Workers continue to work away at the joint armours on the Victoria Street Bridge on Wednesday. The project

Workers continue to work away at the joint armours on the Victoria Street Bridge on Wednesday. The project

Bridge repairs extend into November

Repairs to the Victoria Street Bridge are taking longer than anticipated said an Emcon spokesperson.

Repairs to the Victoria Street Bridge are taking longer than anticipated said an Emcon spokesperson.

Ken Lawson, the company’s Kootenay Boundary division manager, says unforeseen structural issues extended repairs about a month past the initial estimated Oct. 16 date of completion.

“We had the original design drawings, but the job has been more intense than the plans showed,” explained Lawson. “There’s been some changes throughout time that weren’t foreseen, and of course, once we got into it, we had to carry on.”

Traffic over the Victoria Street Bridge will remain single-lane for the next four weeks.

Westbound lanes will be closed to vehicles for the second leg of the job, with crews on site five days a week.

The project, a collaboration between Emcon and the Ministry of Transportation and Infrastructure, was pushed up the priority list this year after being on the books for a number of years.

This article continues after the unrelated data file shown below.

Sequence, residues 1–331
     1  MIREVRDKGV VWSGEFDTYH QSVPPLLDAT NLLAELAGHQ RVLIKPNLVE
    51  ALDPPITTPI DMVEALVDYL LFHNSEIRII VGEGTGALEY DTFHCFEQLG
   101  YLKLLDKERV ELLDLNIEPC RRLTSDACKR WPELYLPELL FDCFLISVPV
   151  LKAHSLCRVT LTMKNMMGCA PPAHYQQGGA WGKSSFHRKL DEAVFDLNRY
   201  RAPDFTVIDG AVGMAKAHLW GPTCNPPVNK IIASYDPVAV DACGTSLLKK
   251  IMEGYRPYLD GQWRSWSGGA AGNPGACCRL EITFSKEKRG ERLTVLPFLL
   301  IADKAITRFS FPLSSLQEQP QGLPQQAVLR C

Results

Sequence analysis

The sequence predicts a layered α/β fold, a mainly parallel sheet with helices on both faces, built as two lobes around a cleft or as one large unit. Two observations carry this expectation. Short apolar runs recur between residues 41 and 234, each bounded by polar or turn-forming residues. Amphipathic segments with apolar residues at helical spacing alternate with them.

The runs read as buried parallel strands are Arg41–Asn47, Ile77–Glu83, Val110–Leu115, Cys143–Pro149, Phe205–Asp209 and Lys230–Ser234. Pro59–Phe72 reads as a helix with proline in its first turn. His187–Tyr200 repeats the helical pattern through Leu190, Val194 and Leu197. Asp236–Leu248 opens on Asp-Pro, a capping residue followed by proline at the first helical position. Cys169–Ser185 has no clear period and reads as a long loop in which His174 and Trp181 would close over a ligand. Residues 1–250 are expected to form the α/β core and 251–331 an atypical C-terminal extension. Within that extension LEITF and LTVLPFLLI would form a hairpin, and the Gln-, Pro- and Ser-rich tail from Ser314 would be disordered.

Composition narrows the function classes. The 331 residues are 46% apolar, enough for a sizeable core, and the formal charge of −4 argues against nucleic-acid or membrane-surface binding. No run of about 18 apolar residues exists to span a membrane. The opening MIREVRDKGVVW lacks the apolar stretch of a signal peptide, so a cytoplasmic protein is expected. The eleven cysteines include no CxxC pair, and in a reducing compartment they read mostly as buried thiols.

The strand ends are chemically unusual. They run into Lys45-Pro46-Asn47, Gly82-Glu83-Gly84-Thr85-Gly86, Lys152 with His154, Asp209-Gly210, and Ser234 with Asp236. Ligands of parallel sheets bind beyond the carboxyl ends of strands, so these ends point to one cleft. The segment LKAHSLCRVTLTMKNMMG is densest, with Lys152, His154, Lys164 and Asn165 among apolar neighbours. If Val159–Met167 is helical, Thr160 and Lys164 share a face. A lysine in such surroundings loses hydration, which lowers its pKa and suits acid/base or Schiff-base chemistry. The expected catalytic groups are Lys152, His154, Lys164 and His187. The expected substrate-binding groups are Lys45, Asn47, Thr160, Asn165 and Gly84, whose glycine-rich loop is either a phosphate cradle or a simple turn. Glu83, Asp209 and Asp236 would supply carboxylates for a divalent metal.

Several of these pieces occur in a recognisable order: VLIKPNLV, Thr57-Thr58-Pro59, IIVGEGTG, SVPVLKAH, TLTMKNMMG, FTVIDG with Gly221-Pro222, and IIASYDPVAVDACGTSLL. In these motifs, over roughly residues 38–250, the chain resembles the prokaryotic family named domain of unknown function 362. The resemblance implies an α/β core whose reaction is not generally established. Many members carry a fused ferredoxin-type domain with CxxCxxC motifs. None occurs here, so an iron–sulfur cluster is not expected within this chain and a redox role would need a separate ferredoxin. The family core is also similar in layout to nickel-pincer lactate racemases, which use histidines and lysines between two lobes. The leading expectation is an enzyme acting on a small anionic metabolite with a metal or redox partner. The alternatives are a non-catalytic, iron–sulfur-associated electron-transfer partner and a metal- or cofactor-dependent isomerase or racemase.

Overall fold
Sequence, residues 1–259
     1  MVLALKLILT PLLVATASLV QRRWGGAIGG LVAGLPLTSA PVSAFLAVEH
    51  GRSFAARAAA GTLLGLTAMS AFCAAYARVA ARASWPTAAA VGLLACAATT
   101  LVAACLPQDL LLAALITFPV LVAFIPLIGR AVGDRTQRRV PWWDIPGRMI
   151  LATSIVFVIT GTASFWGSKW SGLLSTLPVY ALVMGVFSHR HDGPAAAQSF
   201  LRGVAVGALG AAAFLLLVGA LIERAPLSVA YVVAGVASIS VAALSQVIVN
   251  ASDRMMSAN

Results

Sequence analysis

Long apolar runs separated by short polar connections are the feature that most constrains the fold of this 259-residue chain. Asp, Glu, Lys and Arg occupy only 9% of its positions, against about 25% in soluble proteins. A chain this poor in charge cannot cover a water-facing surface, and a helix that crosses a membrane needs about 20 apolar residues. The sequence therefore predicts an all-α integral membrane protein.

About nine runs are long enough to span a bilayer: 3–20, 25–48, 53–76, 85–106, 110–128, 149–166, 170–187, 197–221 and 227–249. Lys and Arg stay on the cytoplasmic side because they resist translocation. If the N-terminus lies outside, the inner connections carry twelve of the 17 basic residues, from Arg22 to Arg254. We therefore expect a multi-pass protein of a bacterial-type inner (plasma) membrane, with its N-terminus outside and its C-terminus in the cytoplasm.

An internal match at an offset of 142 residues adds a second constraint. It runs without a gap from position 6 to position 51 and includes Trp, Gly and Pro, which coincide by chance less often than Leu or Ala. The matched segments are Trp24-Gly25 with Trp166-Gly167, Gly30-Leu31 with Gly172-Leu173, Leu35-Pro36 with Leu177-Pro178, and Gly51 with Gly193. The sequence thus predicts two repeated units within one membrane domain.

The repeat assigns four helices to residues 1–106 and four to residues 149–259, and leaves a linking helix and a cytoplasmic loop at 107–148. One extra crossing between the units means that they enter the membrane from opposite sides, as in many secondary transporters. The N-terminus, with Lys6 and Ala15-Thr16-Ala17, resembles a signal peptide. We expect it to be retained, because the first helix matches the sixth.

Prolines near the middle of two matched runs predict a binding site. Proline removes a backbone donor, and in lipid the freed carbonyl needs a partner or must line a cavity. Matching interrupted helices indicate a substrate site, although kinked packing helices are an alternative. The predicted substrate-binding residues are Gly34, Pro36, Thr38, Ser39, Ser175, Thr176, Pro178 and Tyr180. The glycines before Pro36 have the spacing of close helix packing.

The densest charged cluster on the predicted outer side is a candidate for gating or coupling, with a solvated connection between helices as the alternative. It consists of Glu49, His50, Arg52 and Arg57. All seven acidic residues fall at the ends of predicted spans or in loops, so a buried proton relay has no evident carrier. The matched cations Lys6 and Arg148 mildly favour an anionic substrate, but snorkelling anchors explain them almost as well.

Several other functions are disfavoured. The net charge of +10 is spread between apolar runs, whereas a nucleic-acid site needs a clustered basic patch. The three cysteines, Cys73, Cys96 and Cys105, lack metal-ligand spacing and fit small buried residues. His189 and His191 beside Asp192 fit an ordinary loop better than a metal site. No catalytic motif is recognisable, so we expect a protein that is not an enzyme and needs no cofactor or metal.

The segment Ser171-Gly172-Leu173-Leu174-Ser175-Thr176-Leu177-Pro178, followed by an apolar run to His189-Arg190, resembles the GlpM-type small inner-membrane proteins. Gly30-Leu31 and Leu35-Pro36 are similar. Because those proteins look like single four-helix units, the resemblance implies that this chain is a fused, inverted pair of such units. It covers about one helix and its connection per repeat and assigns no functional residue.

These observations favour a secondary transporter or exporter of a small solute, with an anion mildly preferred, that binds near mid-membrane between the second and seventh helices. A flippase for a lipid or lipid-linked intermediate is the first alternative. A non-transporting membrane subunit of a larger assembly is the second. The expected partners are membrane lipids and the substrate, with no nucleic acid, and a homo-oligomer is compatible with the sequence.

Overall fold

Ten joint armours were to be excavated and replaced over two bridge spans, new seals installed and concrete re-poured.

Those plans were under scrutiny Wednesday, when crews were evaluating three of the east side joint armours on the superstructure.

“We are looking at not removing the three middles ones, they are assessing them today,” Lawson told the Trail Times Wednesday morning.

“If they do (require replacing) it may not be done until spring because of the time constraints,” he added. “But it’s safe to say the end two joint armours and joint seals will be replaced prior to winter and the other three assessed for replacement at a later date.”

Weather constraints may also affect remaining work, and due to varying winter shift requirements, Lawson said Emcon is exploring the option of bringing in more outside labour.

Overall, however, the job is turning out well, he added.

“The results have turned out as we expected and will help protect and prolong the life of the bridge.”